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Publication numberUS5730508 A
Publication typeGrant
Application numberUS 08/579,980
Publication dateMar 24, 1998
Filing dateDec 28, 1995
Priority dateDec 28, 1994
Fee statusLapsed
Also published asEP0728646A2, EP0728646A3
Publication number08579980, 579980, US 5730508 A, US 5730508A, US-A-5730508, US5730508 A, US5730508A
InventorsHideaki Suzuki, Sadayuki Ohno
Original AssigneeNippondenso Co., Ltd.
Export CitationBiBTeX, EndNote, RefMan
External Links: USPTO, USPTO Assignment, Espacenet
Brake fluid pressure control apparatus having fluid accumulation for improved responsiveness
US 5730508 A
Abstract
A brake fluid pressure control apparatus that can switch from brake fluid pressure control to normal brake operation immediately after the brake fluid pressure control terminates. This apparatus has a master cylinder, pressure control valves for controlling the brake fluid pressure in wheel cylinders and a pump for pumping out the brake fluid to the wheel cylinders. It also has an accumulation chamber connected to an inlet of the pump which accumulates the brake fluid in an airtight condition to generate negative pressure. Further, it has a cut-off valve for cutting off the flow of the brake fluid from the master cylinder to wheel cylinders and a return conduit connected between the wheel cylinders and the accumulation chamber.
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Claims(12)
What is claimed is:
1. A brake fluid pressure control apparatus which controls a brake fluid pressure applied to a wheel cylinder to realize an optimum acceleration-slip condition of a wheel, said apparatus comprising:
an oil pressure source for applying the brake fluid pressure to said wheel cylinder;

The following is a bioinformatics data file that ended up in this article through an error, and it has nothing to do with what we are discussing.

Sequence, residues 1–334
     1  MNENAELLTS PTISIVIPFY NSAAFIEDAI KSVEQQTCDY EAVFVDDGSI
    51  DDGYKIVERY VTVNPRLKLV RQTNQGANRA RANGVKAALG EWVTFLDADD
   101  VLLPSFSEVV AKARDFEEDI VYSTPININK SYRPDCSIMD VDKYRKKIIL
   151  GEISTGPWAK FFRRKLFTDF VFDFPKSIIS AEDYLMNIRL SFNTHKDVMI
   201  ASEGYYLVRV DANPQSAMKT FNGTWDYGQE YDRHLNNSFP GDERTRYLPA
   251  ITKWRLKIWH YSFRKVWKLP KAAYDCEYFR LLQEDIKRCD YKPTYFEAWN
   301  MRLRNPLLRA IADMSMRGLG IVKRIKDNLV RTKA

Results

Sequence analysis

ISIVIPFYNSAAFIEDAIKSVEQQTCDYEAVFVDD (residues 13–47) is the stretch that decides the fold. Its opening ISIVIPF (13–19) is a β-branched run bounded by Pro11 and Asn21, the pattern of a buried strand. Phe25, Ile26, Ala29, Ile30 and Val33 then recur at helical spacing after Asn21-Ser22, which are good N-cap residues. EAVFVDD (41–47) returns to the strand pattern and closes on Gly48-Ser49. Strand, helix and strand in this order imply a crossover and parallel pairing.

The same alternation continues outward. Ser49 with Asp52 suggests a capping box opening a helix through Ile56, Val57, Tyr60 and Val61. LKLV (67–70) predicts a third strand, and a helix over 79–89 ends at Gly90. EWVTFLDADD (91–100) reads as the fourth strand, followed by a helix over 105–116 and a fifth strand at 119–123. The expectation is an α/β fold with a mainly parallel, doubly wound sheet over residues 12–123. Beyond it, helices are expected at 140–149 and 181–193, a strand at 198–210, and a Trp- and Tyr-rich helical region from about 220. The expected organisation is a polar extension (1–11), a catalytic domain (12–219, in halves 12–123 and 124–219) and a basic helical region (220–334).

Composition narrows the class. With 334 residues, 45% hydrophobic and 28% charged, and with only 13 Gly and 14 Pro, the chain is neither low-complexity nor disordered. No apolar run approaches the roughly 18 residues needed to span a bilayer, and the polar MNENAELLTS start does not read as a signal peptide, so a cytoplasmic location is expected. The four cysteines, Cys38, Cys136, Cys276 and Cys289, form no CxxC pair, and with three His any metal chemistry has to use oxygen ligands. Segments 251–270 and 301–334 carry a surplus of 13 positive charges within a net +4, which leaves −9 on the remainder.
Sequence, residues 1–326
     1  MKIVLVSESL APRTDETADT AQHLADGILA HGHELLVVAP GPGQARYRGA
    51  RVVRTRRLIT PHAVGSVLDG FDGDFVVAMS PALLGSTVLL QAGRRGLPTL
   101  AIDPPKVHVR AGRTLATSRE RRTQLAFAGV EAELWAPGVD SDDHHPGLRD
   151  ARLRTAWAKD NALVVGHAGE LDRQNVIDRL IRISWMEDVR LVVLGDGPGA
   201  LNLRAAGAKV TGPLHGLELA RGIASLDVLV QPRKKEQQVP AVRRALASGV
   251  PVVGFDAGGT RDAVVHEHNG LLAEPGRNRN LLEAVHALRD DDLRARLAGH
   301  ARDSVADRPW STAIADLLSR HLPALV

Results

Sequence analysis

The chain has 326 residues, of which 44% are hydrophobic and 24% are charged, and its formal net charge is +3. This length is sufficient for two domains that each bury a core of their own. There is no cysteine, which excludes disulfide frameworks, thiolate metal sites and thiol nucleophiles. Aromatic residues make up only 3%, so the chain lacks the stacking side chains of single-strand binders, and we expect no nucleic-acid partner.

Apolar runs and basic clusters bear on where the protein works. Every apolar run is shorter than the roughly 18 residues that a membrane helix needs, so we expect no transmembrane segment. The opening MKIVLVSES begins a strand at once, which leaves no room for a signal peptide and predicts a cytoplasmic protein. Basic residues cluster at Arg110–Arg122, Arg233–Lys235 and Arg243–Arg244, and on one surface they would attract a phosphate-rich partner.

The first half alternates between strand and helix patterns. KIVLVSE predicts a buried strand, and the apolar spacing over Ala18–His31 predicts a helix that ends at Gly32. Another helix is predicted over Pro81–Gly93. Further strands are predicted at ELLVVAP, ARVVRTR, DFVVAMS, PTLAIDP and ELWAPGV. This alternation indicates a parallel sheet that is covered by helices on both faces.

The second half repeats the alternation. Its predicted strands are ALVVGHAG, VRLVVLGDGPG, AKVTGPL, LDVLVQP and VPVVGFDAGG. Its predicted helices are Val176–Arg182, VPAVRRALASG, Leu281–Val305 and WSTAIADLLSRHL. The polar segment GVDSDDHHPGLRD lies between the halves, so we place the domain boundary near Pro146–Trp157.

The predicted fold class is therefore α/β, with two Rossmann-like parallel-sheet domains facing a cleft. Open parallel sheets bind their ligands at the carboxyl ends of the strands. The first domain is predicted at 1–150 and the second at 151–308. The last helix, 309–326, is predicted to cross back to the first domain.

pressure increasing and decreasing control means for alternatively increasing and decreasing the brake fluid pressure applied to said wheel cylinder in order to control an acceleration-slip of said wheel to assure an optimum condition;
a pump driven when said pressure increasing and decreasing control means controls the brake fluid pressure, sending out brake fluid toward said wheel cylinder to apply said brake fluid pressure to said wheel cylinder;
an accumulation chamber connected to an inlet of said pump for accumulating brake fluid beforehand in an airtight condition whereby when brake fluid accumulated beforehand is pumped out of said accumulation chamber by said pump a negative pressure is generated in said accumulation chamber;
prohibiting means for prohibiting a flow of the brake fluid between said oil pressure source and said wheel cylinder while said pump pumps out the brake fluid from said accumulation chamber, during control of wheel cylinder pressure by said pressure increasing and decreasing control means; and
a return conduit for allowing said brake fluid discharged from said wheel cylinder to flow into said accumulation chamber when said brake fluid pressure is decreased by said pressure increasing and decreasing control means.
2. A brake fluid pressure control apparatus as claimed in claim 1, wherein said accumulation chamber has constant capacity in order to generate said negative pressure.
3. A brake fluid pressure control apparatus which performs an anti-skid control operation for controlling brake fluid pressure applied to a wheel cylinder to realize an optimum slip condition during a braking operation, and which performs a traction control operation for applying the brake fluid pressure to said wheel cylinder to reduce excessive slippage of a wheel during an accelerating operation, said apparatus comprising;
an oil pressure source for applying the brake fluid pressure to said wheel cylinder;
a pump driven when said anti-skid control and said traction control is performed, sending out brake fluid to apply said brake fluid pressure to said wheel cylinder;
an accumulation chamber connected to an inlet of said pump for accumulating brake fluid beforehand in an airtight condition, whereby when a quantity of brake fluid is pumped out of said accumulation chamber by said pump driven during performance of said traction control, a negative pressure is generated in said accumulation chamber;
prohibiting means for prohibiting a flow of the brake fluid between said oil pressure source and said wheel cylinder while at least said traction control operation controls a pressure of said wheel cylinder;
a return conduit for allowing said brake fluid discharged from said wheel cylinder to flow into said accumulation chamber when said brake fluid pressure is decreased after said brake fluid pressure is applied to said wheel cylinder by said traction control; and